Why is it that whenever we have even just a hint of bad weather, our airports seem to go into meltdown?
With freezing fog engulfing the capital on Monday January 23, Heathrow Airport cancelled around 100 flights, advising passengers to check the status of their flight before travelling to the airport.
But why is there a need to cancel flights entirely and why does the weather pose such a serious problem to the UK's busiest airport?
Why does fog cause delays?
Similarly to the way fog affects motorists, pilots experience reduced visibility, meaning more space must be left between them and the plane in front.
Creating more space then has knock-on effects as not as many planes are able to take-off or land each hour, meaning delays or cancellations to flights.
What distance should planes be spaced from each other?
Arriving aircraft are generally spaced around three miles apart, with that increasing to six miles in poor visibility.
However, it does depend on the size of the aircraft, due to the vortex left in the air, larger planes require a bigger gap than smaller planes.
Why can't Heathrow Airport cope with poor weather conditions?
Heathrow operates at 98% capacity, with a plane landing or taking off every 45 seconds.
When the airport experiences fog, snow or other problematic weather conditions, it has to space out flights which inevitably causes delays and cancellations as there is no space to accommodate delayed flights.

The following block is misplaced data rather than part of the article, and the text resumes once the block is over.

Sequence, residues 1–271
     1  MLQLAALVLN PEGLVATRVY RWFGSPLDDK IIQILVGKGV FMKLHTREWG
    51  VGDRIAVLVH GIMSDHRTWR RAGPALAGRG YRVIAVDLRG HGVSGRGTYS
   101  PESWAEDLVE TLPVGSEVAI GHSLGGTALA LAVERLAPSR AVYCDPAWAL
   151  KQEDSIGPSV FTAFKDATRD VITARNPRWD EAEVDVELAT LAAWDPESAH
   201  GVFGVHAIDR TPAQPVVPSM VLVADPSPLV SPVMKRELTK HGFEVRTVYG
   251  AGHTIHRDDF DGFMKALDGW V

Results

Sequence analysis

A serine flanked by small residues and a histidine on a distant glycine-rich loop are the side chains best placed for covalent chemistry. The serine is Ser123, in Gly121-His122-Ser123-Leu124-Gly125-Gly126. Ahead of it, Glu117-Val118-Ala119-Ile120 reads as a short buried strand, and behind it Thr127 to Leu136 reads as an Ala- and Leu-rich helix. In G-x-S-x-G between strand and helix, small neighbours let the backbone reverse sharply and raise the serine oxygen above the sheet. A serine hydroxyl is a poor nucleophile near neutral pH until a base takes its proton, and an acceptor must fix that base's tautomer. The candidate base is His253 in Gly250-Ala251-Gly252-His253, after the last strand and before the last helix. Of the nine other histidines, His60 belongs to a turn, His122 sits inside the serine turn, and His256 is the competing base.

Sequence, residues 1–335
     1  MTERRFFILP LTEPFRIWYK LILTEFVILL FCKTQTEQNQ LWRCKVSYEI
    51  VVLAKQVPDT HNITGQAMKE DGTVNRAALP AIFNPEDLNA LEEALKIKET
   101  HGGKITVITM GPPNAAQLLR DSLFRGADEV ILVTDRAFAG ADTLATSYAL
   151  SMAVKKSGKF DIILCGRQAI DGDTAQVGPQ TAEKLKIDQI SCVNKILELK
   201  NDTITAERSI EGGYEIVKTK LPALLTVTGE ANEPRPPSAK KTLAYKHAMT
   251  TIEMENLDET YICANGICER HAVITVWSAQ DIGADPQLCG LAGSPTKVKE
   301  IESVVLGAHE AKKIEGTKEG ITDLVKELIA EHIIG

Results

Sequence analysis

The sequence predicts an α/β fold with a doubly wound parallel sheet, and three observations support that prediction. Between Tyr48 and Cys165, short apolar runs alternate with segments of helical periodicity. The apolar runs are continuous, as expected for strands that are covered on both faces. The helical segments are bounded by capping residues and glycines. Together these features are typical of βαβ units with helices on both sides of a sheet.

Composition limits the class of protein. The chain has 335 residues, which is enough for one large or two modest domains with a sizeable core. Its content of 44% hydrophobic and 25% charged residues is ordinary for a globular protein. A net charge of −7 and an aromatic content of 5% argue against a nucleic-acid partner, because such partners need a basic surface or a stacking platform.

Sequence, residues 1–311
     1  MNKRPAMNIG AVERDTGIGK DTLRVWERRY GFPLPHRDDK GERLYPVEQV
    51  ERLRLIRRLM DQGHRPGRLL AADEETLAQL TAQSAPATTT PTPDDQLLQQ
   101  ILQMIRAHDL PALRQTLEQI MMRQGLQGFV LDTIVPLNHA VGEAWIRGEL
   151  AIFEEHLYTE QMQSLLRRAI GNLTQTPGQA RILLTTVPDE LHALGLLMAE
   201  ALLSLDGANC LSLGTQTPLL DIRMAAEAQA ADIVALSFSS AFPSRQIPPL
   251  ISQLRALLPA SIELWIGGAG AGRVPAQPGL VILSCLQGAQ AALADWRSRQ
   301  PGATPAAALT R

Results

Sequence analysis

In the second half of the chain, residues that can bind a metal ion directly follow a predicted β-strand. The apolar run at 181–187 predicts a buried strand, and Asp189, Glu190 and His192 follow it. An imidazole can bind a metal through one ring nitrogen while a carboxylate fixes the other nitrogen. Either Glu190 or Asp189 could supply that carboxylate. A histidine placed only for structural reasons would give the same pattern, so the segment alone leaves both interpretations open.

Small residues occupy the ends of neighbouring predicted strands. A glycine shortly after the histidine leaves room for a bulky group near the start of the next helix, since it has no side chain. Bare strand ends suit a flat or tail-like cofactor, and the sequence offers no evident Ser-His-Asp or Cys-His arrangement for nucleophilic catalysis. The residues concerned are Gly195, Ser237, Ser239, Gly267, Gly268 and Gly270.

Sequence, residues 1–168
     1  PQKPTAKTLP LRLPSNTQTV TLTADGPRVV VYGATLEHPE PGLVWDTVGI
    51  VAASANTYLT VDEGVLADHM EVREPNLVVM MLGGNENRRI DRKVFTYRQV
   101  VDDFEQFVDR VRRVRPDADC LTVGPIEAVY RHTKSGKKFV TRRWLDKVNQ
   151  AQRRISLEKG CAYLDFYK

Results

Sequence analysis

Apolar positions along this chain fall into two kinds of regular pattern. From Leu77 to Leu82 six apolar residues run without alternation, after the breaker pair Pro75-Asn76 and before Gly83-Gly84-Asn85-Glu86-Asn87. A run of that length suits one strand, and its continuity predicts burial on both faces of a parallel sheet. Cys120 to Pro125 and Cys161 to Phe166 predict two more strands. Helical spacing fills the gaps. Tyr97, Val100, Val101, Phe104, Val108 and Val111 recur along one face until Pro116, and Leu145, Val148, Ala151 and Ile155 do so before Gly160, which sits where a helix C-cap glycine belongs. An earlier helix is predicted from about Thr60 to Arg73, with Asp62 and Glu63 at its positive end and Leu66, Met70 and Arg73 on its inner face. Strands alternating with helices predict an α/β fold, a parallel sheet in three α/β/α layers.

Why can't technology help?
Yes, planes are fitted with technology that enables them to fly through fog, it is the safety on the ground which causes the issues.
In low visibility protocols (LVPs) the preceding aircraft must land and clear the runway before clearance is giving for the following aircraft to land.
When LVPs are applied at Heathrow, the spacing on approach is increased from three to six miles.
When on the ground, as visibility will also be poor, extra time and space has to be allowed when manoeuvring aircraft and other items.
The ground teams may need to remove snow and ice from the runways and taxiways, this all plays a part in the reason for spacing out incoming planes.
Why do airports cancel flights in advance?
Cancelling flights in advance is a measure taken by the airport to aim to reduce disruption for passengers.
It helps to avoid flights being cancelled at short notice, leaving passengers stranded in the terminal.
It also allows airlines to re-book passengers on other flights which have space.
Who makes the decision to cancel flights?
When severe disruptions are expected at Heathrow Airport, such as freezing fog, a decision is made in advance to potentially cancel flights.
The decision is made by Heathrow Airport, National Air Traffic Services (NATS) and the individual airlines.
Once a decision is made to reduce the schedule, the airlines then decide which of their flights to cancel.
Passengers are warned to check their flight status before travelling to the airport.
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